Sermon Pentecost 23 November 17, 2019

Isaiah 65:17-25          Canticle – Isaiah 12           2 Thessalonians 3:6-13          Luke 21:5-19

May these words and our thoughts be acceptable to God, the Father, the Son and the Holy Spirit.

            I don’t know about you but this world seems to be in pretty bad shape, there are wars and insurrections, things always change but they don’t seem to be changing for the better.  Globally our leaders either don’t know what they are doing or don’t care, or worse, they are taking care of their personal interests, which seems to be high on their agenda.  This gets us all into economic chaos, societal chaos, racial tensions, environmental danger, and on the whole it is spiritually taxing.  The world seems crazy and our will and ability to change it and bring it back to rightness is flagging.

It’s the same kind of world that Isaiah lived in for he wrote in the time of the Jew’s Exile in Babylon, where they largely lost their identity.  Jeremiah had told them to plant gardens, build houses and really contribute to the welfare of their captors’ land, Babylon  (Jeremiah 29:5).  Jeremiah seems like an early type of Don Cherry talking to refugees and immigrants on Coach’s Corner.  The trouble now is, because of our western history, we still have the image of colonising powers, and for immigrants and refugees to celebrate our victories might be the same as expecting the Jews to celebrate Babylon’s victories;  very few people attend the German Prisoner-of-War cemetery in Kitchener on November 11th for the same reason.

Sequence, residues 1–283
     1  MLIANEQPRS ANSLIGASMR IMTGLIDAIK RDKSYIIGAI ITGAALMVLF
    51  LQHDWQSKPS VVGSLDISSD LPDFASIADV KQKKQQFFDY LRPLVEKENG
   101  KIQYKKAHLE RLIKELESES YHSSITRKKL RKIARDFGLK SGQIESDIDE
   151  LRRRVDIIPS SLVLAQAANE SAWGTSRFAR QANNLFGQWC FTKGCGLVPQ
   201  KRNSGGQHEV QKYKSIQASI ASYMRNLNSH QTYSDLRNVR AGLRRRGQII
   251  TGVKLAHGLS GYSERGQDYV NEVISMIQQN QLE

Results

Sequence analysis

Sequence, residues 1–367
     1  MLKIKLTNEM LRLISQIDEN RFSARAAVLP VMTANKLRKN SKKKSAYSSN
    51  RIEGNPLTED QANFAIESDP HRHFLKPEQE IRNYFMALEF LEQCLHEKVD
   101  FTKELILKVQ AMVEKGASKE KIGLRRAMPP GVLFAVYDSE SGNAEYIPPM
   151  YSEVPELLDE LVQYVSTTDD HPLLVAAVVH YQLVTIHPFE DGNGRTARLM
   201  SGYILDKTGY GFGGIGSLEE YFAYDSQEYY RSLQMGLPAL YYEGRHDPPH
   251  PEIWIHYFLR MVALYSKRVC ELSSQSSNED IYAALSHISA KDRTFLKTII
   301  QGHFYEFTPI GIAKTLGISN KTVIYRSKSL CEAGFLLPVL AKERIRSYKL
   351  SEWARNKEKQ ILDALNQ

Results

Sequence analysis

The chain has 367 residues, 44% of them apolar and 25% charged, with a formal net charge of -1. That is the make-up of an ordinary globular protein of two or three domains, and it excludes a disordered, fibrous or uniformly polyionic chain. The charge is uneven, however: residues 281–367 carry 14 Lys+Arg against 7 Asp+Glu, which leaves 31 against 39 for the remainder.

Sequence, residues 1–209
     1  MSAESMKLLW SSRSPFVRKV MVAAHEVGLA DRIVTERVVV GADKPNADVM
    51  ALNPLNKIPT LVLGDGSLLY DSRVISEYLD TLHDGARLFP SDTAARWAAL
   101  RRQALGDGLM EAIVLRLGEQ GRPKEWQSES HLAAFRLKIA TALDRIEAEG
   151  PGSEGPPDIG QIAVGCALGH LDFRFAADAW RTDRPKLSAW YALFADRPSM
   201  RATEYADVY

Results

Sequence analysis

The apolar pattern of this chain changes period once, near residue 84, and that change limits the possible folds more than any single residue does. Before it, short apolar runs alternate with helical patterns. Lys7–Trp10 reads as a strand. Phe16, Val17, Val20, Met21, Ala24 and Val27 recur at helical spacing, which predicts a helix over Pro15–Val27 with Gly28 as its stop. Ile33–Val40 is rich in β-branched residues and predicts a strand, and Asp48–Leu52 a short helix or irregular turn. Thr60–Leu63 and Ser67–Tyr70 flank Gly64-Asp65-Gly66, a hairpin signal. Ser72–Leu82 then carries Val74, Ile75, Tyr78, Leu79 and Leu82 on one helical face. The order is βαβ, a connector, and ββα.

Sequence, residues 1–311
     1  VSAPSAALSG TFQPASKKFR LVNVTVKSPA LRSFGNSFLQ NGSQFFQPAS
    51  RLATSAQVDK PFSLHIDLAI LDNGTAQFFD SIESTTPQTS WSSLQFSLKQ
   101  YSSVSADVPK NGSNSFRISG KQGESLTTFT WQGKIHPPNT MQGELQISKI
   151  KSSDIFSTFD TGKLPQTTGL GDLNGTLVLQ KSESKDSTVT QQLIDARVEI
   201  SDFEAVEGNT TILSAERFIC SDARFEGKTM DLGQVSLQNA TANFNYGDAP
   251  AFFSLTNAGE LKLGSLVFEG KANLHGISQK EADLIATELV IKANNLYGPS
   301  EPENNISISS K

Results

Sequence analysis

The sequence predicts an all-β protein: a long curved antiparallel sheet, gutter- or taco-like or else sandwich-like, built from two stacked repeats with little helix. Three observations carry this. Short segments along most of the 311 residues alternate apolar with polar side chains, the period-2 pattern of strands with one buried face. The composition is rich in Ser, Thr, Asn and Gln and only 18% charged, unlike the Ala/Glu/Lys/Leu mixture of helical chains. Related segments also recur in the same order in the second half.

Most immigrants like to retain something of their culture, their language, their dress, their customs their cooking, it’s bound to create a little friction now and then, and cries of  “Go back to where you came from”  sound from the Intolerant.  Back in Babylon many took Jeremiah’s advice and settled down, the net effect for the Jews was that many felt good in Babylon and after the first generation had passed-on, they assimilated;  only the few who had maintained ties with Israel and Judaism went back to Jerusalem creating more topsy-turvy in the history of the Jews.

Those who remained faithful needed the inspirational message of Isaiah.  Isaiah promised a new day for the Jews, when they returned home.  The wheat and the chaff had been separated by the Exile in Babylon and the true believers were going to rebuild Jerusalem, reclaim their lost heritage and live in peace and abundance in their homeland, they did. / We too need that inspirational message from Isaiah.  We too are in a period of separating the wheat from the chaff in the Church.  True believers are the ones who are here keeping the Church alive to enable it to return to its roots, the Jews went into Exile because they had betrayed their original faith and needed a time-out to put things back in order.  We too.

Jesus warns us along the same lines, don’t go after false preachers who promise cheques in the mail or miracle cures if you get some of their  ‘miracle spring water’,  those are the ones who will cause the Church to fall, with not one stone remaining upon another.  Instead follow preachers who preach the Bible and can prove their statements with the Bible.